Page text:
Sunday's Loss Was a Speed Bump, Not a Stop Sign, for the Celtics
The Boston Celtics aren’t immune to days like Sunday, which featured a runaway loss to the New York Knicks. The Celtics know that, and they just want to ensure that such days are few and far between this season.
New York marched Sunday afternoon into TD Garden and took it to the Celtics from start to finish while logging a 105-75 victory. Boston never led during the contest and, in a rare occurrence in the NBA, never managed to put together a run to get back into the game.
It was the exact opposite of the team’s performance Friday night, during which it led by as many as 29 points before completing a 27-poit victory over the Orlando Magic.
Surely, the C’s didn’t morph from great to horrible in a span of 40 hours; they instead just ran into one of those unforgiving days that curses every team in the league at least a couple of times throughout each season.
“Today, we had a clunker,” a realistic but unconcerned Brad Stevens said after the game. “And you hope to have as few of those during an NBA season as possible, but inevitably you have a couple.”
Minutes later, center Daniel Theis relayed a similar message from a player’s perspective, saying, “You’re gonna have nights like this, but hopefully it’s just one night or two the whole season and we can live with it if we learn from it.”
Some fans may cringe after learning that their team is able to take such a loss in stride. However, a team’s ability to do so is usually more of a positive sign than a negative sign.
These comments from Boston’s players and coaches are evidence that the Celtics are capable of acknowledging a poor performance, learning from it, moving on from it, and returning to the team that they believe they are at their core.
As Stevens said of this game in particular, “I don’t believe that’s who this team is.”
This was a speed bump for Boston, not a stop sign. As such, the Celtics will aim to learn from the film and move forward knowing that they have had far more promising moments than discouraging moments this season.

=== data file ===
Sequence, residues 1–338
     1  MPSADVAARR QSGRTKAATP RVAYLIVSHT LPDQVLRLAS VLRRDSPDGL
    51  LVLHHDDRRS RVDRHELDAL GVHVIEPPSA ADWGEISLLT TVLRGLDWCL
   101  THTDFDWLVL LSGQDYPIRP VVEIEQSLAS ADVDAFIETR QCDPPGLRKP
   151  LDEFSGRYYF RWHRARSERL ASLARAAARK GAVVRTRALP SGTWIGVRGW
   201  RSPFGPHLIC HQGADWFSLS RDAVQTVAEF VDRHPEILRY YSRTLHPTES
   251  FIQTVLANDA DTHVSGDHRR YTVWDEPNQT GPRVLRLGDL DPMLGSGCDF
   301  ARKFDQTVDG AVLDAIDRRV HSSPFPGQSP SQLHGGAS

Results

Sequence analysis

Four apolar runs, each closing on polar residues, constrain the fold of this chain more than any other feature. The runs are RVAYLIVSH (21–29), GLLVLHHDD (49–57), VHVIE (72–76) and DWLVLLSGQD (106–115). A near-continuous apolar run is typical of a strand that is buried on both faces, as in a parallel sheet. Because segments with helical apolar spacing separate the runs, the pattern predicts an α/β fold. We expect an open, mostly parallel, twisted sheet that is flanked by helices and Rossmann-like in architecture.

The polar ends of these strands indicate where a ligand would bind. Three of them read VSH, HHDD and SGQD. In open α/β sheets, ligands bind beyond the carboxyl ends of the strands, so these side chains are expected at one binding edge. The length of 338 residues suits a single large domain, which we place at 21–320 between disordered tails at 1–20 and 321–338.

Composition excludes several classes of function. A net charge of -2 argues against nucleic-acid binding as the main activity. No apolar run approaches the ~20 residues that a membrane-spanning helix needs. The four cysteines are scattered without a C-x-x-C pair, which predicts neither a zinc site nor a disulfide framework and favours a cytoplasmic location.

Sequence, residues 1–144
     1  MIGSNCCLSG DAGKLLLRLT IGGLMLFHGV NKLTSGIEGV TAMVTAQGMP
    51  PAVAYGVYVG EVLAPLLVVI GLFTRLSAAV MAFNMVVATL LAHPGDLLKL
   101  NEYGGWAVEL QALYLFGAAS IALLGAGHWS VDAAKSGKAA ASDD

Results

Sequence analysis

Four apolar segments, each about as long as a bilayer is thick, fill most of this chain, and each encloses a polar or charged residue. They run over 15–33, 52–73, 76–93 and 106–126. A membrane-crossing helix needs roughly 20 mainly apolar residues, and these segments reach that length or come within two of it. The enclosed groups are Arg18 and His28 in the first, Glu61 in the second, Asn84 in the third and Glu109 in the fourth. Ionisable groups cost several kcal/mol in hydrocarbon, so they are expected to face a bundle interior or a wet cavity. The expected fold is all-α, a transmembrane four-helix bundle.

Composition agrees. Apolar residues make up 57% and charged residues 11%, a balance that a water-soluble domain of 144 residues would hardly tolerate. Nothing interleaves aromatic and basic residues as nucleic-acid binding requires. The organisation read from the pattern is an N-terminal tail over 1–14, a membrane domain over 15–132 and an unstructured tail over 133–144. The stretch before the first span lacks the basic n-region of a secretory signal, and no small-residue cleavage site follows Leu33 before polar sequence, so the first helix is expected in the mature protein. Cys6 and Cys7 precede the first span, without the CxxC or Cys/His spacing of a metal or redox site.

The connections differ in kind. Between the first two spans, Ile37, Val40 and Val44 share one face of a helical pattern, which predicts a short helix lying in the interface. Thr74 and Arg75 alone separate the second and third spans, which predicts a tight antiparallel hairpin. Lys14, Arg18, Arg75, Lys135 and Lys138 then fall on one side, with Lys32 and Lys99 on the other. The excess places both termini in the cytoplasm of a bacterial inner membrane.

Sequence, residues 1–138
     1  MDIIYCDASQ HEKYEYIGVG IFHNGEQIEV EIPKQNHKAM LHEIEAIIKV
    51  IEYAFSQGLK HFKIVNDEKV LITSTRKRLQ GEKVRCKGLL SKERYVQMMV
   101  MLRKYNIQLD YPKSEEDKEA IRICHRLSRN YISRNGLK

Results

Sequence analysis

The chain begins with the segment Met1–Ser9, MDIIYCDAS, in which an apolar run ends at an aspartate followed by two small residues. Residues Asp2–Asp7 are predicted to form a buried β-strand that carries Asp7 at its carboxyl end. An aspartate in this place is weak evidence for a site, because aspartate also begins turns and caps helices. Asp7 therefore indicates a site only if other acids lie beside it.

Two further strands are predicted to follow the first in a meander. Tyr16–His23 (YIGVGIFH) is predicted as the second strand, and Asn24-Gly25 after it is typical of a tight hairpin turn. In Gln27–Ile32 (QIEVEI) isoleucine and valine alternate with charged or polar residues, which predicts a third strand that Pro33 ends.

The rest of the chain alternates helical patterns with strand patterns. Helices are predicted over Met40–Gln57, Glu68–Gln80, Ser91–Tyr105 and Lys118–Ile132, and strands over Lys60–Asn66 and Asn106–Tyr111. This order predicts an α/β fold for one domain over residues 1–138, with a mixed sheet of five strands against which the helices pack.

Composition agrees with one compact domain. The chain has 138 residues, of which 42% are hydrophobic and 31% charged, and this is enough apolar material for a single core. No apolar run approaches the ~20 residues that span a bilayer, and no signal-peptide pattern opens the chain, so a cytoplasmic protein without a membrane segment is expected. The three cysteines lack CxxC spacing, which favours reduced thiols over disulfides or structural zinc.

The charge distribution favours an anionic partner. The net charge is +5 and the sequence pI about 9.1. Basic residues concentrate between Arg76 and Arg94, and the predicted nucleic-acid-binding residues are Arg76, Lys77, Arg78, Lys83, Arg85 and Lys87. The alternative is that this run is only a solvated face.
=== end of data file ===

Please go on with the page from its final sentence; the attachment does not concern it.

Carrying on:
After all, there’s a reason why they entered Sunday atop the Eastern Conference standings.
Boston racked up eight wins during its first 11 games of the season despite dealing with a long list of absences due to injuries, illnesses and Health and Safety protocols. Romeo Langford (12 games), Kemba Walker (11 games), Rob Williams (three games), Jayson Tatum (two games), Tristan Thompson (two games), Jeff Teague (two games), Marcus Smart (one game) and Grant Williams (one game), all of whom have been or are projected to be a part of the rotation this season, have all missed various amounts of time on the injury list. The upcoming weeks are promising for the team as that list becomes shorter and shorter.
Walker returned to action Sunday afternoon to tally nine points and four assists during 19-plus minutes of action. He looks healthy and explosive and said Sunday that he is pain-free for the first time in a long time. Meanwhile, Tatum and Rob Williams could also return to the lineup later this week to bring the top of Boston’s rotation closer to full health than it has been all season.
Those are good signs – signs which are far more important than one anomaly on a Sunday afternoon against New York. The Celtics realize that and will look forward to what they can become as opposed to concentrating on what they were during their most recent defeat.
“We got to get that chemistry back,” Walker said of he and the team’s search for improvement. “I’ve been out for a while. I haven’t been playing with the team. I haven’t been practicing much. It’s only a matter of time.”
Time which will allow the Celtics to practice together, to play more games together, to grow together, and, in the long-term, to make everyone forget about that one Sunday afternoon in mid-January.